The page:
Wildly Whipsawing Lexicon: An Interview with Kimberly Johnson
Interview Conducted by Karen Schubert
Kimberly Johnson’s poetry, translations, and scholarly essays have appeared in The New Yorker, New England Review, Slate, The Iowa Review, Milton Quarterly, Modern Philology, and other publications She has published three collections with Persea Books: Uncommon Prayer (2014), A Metaphorical God (2008), and Leviathan with a Hook (2002). Her poetry is muscular and cerebral, playfully wrought, with an exquisite control.
With her partner, poet and essayist Jay Hopler, she edited Before the Door of God, An Anthology of Devotional Poetry (2013 Yale UP). In 2009, Penguin Classics published her translation of Virgil’s Georgics. She edited a collection of essays on Renaissance literature, and an online archive of John Donne’s complete sermons. She is the recipient of grants and fellowships from the John Simon Guggenheim Memorial Foundation, the National Endowment for the Arts, the Utah Arts Council, and the Mellon Foundation. She holds an M.A. from the Johns Hopkins Writing Seminars, an M.F.A. from the Iowa Writers’ Workshop, and a Ph.D. in Renaissance Literature from the University of California at Berkeley. She lives in Salt Lake City, where she is a Professor at Brigham Young University.
Her Renaissance literature scholarship grounds her work with a structure and deep understanding and love for language, and language as epistemology. In praise of A Metaphorical God, Persea Books notes that “Johnson showcases her gifts for mining language for its hidden gems and its gospel.”
Poet Linda Gregerson adds, “She’s a polyphonic prestidigitator, a virtuoso of the vibrant heart, and —stunning in our fallen world—a genuine metaphysician, with all the healing aptitude the word implies.”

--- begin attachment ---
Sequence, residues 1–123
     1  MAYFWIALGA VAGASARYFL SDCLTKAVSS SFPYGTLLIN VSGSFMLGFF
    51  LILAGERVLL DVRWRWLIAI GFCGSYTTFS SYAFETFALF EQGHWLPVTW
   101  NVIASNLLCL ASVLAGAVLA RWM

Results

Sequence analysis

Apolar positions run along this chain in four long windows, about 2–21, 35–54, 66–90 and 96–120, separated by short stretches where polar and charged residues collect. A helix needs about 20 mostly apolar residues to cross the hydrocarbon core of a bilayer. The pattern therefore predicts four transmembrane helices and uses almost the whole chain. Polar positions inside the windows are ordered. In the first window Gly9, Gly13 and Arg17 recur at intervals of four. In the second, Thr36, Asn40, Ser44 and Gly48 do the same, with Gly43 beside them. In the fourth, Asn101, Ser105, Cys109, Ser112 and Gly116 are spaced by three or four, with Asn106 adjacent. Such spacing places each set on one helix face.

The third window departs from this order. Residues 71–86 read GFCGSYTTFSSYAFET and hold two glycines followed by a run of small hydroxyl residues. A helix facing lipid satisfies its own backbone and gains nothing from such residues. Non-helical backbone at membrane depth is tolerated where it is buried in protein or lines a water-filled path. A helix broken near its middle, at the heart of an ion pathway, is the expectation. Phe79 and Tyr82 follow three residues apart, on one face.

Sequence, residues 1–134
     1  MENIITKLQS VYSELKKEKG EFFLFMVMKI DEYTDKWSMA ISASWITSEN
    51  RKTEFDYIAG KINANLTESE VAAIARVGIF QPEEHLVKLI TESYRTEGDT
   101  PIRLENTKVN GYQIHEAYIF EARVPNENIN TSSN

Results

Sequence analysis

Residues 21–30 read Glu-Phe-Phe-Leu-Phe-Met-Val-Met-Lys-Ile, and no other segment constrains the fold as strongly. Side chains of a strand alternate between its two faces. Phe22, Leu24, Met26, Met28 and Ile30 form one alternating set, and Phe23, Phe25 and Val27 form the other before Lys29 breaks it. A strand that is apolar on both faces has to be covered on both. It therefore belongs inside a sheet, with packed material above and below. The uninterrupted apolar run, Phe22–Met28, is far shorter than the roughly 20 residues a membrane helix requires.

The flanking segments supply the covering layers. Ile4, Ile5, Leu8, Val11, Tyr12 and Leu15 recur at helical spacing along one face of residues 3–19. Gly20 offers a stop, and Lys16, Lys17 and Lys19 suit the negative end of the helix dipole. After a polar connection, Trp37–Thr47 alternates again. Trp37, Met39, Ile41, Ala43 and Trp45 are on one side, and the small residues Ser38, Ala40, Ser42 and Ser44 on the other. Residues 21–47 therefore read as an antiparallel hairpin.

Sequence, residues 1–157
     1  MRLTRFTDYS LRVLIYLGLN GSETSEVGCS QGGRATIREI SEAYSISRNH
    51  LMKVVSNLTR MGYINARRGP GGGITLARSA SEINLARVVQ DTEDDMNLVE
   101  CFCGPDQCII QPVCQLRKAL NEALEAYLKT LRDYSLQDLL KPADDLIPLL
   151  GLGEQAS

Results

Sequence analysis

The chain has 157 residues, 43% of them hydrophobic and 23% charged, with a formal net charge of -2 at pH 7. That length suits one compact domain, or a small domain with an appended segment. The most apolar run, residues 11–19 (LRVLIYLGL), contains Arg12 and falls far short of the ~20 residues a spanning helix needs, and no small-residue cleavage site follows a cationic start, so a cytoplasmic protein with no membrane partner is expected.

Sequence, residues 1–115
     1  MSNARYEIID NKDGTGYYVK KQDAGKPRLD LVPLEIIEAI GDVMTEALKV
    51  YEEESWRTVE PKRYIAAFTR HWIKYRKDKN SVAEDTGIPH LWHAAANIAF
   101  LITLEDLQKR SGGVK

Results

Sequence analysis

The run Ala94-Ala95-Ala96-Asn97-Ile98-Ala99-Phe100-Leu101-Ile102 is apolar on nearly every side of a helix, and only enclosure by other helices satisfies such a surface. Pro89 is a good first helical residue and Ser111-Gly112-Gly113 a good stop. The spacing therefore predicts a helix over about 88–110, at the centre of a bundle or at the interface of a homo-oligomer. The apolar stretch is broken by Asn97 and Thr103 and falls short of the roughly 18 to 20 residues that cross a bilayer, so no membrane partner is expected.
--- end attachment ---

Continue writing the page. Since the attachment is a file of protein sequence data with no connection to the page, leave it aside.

These poems are physical, looking out through the eye of a pit bull, bug zapper, or close other, as in “Nonesuch.” “Not this: you the urge and I the page./Not this: you the harrow, blades sharp/to turn the fallow field of me. Not the wheel/that turning winds the carded wool of me./Not you the pick and I the Rickenbacker/cherryneck with the humbucker pickups./Not you the piston whose combusted thrust/shoves the rod that drives my crankshaft.” It is impossible to read Johnson’s work without reading it, feeling the gutturals stomp and pop in your throat. Swallow it down. Now how does that feel?
I was in Kimberly’s poetry workshop at the Imagination Conference at Cleveland State University in 2009. She had a great energy. Someone had a Segway and she was curious, and as I walked in one day she was zipping around in the rotunda, grinning. In our workshop, she was focused and generous with her thoughtful assessment, and also carefully inclusive. Her